I wrote to The Star sometime ago, but since they haven't responded, I'll go ahead and post what I wrote here. Oh, well.
Pride. One beautiful word that has two polar opposite connotations; both have deep significance in the medical world.
Eight years haven’t been that long since I started my career, but that first day at work feels like a lifetime away. We had Facebook then, but our interactions were limited to our circle of friends. We didn’t have Twitter, and our personal blogs did not generate much traffic. Not like today, where everything is out in the open. I still can’t tell which is better, though.
I consider myself luckier than most because my first days as a house officer were gentle. I had supportive medical officers and senior house officers to ease me into the real world. Their first advice, which I still pass on to junior doctors: do not hesitate to call for help if a patient collapses. That was my biggest fear. How should I, how would I, react should a patient collapse.
My first few days were decent, if somewhat scary. However, within the same week, a specialist humiliated me without reserve in front of patients and medical students. I wanted to shrink within myself. I wanted to hide. I didn’t feel angry or spiteful. What I did feel was a sense of inadequacy. Even in that numbed condition, I knew the specialist was right, that a patient’s well-being should not be in incompetent hands.
That was my first lesson in humility.
My second week as a house officer, my fear came to pass. A patient collapsed and had stopped breathing, her heart had stopped beating. I did not hesitate to proceed with CPR, but I did not know what else to do. I called for help. The nurses, cool and collected, helped me with the CPR and instructed me on further acute management steps. They knew I knew what to do. They also knew my nerves needed calming down. They were much more experienced in dealing with dying patients, and I followed their advice. By the time the medical officer arrived, the patient was stabilized. After that day, the nurses were warmer toward me, friendlier.
That was my second lesson in humility.
No, I did not have a breezy experience as a house officer. Lessons in humility kept coming in various forms: a mother of three toddlers asking me why, of all people, she had to be the one with breast cancer; medical officers and specialists reprimanding me (quite loudly) for not being fast enough, knowledgeable enough; nurses teaching me the best ways to get intravenous access without hurting patients much; other house officers teaching me how to get things done smoothly. My colleagues and I worked extra hours, and we had to do 24-hour calls between three to four times a week because we didn’t have enough house officers. We weren’t saints. We did complain with one another, with our family members, with university friends we still kept in touch with. We kept going, knowing that each hit we received was meant to make us stronger, better, safer.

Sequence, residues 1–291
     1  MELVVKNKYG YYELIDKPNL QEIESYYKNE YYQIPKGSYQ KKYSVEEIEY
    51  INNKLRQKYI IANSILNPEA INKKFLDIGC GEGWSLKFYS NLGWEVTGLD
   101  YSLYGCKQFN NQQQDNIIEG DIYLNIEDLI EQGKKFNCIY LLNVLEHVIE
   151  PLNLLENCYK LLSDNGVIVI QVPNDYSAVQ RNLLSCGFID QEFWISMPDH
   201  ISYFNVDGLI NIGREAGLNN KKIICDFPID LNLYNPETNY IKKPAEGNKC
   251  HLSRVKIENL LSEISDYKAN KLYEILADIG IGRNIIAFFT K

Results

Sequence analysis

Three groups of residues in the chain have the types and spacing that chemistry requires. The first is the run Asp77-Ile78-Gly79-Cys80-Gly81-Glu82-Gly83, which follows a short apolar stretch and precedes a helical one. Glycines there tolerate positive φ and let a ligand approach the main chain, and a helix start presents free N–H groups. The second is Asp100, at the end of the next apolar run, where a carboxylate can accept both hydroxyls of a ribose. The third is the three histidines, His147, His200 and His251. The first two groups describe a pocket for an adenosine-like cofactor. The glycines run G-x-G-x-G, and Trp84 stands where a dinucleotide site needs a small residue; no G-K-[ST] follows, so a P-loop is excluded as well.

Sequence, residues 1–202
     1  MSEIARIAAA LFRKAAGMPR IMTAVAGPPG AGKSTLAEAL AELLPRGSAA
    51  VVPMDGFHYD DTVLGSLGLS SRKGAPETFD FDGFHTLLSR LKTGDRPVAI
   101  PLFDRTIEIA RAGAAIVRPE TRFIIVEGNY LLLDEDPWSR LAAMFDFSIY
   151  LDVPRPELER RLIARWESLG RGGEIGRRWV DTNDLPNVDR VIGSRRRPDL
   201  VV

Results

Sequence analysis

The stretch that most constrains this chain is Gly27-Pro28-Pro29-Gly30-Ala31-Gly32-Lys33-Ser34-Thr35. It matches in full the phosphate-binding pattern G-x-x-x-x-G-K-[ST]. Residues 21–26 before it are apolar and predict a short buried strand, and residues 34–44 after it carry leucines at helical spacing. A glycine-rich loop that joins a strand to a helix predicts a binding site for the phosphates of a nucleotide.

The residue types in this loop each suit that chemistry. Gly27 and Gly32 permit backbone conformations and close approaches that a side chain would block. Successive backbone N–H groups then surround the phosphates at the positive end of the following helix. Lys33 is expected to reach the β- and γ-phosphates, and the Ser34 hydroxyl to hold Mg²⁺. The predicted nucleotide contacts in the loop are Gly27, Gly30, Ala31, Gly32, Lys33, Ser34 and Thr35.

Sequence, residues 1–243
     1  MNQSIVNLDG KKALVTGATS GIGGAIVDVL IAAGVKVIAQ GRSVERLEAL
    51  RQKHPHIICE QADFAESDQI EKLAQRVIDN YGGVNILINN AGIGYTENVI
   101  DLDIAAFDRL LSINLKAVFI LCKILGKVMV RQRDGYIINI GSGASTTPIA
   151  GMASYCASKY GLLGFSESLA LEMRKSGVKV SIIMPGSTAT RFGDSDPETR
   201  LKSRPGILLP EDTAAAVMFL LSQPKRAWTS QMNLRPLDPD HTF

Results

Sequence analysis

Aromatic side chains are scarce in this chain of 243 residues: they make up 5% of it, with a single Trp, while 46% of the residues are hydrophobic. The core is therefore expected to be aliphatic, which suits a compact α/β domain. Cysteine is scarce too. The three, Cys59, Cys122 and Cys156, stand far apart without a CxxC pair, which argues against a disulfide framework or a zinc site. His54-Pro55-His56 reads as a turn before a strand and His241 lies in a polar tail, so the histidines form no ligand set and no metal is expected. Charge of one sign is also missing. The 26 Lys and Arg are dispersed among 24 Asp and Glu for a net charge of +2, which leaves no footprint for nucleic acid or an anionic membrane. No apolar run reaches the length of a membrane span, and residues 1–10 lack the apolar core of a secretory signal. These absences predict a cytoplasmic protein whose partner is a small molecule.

I am neither the brightest nor the best, but I’ve learned a lot along the way.
I’m still learning.
Reading all the letters of complaint to newspapers, rants on Facebook, Twitter and personal blogs, and watching videos posted on YouTube, I think I know what is causing these new house officers much grief. To be a doctor, you ought to have a brilliant mind. Let’s be honest. Almost all of us doctors were overachievers back at school. We were among the top in our classes. When we were in medical school, we competed with people as bright as us--if not brighter than us. Naturally, when working life jolts us into reality, when we are reminded again and again--by doctors, nurses, even attendants--that we are worse than scum, that we are merely bottom feeders, the one thing that gets hit the most is our pride. To be publicly humiliated for not being good enough, that’s something new.
This brings us back to my opening paragraph. Pride, as a noun, is an ugly thing. If you leave medical school naively thinking that you are the best, that everybody else is beneath you, the first hit will knock you down into the muck. It doesn’t matter if you’re made of titanium. You’ll keep getting hits until resentment builds and all you can think of is the hours you spend at the hospital instead of elsewhere, all you can see is the nurses at the counter passing over cases between shifts instead of helping you doing a procedure, and all you can concentrate on is getting the job done.
Take a few steps back and observe your surroundings. Maybe you’ll notice your specialists and medical officers worrying about patients who aren’t doing as well as they should. Maybe you’ll notice heavily pregnant nurses leaning toward an unconscious patient, feeding that patient on time. Maybe you’ll notice an attendant running late when summoned because he has to walk a great distance to retrieve lab results.
Most of all, I hope you’ll notice the fear, the anxiety in the eyes of patients and their relatives. For us, coming to the hospital is a routine; for them, it is a big event that may lead to either celebration or devastation. Patients trust us with their life. We have to respect that trust.
Please remember that respect is not freely given. It is earned. If you want your colleagues to respect you, to treat you better, earn it. Once you earn that respect, everything will fall into place, insyaAllah.
Take pride in what you do, and you’ll derive joy from it. Let pride consume you, and you’ll end up bitter and resentful. When that happens, no amount of pay, no amount of lenient working hours will ever be enough.
Live. Work. Learn. Have fun while you’re at it.